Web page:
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The Many Masters of Dor, Part 2: How Bad Was Ahab?
Tel Dor, on Israel’s Mediterranean coast, is the site of one of the most conquered cities in the Levant. Although practically every major people of the region occupied or ruled the site at one time or another—leaving behind an accumulation of debris 45 feet high—it was the Phoenician culture that dominated Dor for some 800 years. Twelve years of excavation at this site 12 miles south of Haifa have revealed a wealth of remains and new discoveries, now presented by Ephraim Stern, director of the Dor excavation, in this three-part article.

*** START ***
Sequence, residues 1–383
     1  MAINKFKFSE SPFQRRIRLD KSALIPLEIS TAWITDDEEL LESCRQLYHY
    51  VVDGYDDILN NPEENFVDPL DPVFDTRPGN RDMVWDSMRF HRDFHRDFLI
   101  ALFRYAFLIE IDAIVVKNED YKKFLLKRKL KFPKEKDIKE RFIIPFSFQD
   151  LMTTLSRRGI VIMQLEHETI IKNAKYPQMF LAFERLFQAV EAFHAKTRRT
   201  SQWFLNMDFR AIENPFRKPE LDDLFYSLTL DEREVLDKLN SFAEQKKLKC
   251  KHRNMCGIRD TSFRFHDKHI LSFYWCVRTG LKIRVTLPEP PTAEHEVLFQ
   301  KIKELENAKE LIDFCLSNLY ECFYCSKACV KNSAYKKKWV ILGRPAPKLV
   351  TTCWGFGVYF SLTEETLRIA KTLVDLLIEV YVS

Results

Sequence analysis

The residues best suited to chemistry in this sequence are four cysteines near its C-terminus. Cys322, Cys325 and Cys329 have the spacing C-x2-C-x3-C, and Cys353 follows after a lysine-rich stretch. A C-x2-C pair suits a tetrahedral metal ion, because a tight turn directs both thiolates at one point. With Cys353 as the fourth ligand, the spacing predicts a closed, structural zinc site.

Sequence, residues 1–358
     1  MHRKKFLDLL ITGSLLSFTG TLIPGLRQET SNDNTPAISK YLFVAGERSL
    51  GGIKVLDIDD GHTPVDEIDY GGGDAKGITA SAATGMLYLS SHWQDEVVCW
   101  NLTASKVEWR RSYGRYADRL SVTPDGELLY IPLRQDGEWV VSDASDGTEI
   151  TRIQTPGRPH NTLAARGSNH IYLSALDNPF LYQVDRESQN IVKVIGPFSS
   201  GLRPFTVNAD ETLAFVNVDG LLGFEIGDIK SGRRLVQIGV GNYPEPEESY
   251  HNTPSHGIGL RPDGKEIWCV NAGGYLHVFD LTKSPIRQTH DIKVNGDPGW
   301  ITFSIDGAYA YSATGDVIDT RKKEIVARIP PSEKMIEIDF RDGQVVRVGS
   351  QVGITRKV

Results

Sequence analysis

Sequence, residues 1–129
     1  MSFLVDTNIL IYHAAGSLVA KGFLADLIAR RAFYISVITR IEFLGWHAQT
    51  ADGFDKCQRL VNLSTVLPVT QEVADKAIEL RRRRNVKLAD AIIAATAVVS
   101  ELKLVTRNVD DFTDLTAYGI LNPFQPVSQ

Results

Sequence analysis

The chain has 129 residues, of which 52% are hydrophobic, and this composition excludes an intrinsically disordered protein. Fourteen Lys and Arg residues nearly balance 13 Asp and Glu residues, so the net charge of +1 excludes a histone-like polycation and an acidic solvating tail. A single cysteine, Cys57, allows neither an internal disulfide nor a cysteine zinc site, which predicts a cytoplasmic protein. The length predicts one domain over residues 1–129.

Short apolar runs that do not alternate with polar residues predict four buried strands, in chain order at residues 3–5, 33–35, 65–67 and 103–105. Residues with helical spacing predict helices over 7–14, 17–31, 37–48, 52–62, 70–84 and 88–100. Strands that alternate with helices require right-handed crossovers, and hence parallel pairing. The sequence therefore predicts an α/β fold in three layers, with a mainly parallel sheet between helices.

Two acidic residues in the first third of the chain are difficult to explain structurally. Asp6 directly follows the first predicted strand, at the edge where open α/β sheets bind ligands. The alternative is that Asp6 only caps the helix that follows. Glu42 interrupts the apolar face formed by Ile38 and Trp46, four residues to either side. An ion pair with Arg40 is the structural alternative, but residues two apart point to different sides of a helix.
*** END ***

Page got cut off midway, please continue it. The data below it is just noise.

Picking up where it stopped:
In “The Many Masters of Dor, Part 1: When Canaanites Became Phoenician Sailors,” BAR 19:01, Stern traced Dor’s history from its Canaanite roots in the 20th century B.C.E. through its conquest and occupation by the Sikils—a Sea People tribe—up to its reconquest by the Phoenicians in about 1050 B.C.E. In this installment, he tells the story of the Phoenician-Israelite city, its development as a major port and its fall to the Assyrians in 733 B.C.E. “The Many Masters of Dor, Part 3: The Persistence of Phoenician Culture,” BAR 19:03, will look at the succession of absentee landlords—Assyrian, Babylonian and Persian—who ruled Dor until the city’s complete Hellenization in the third century B.C.E.

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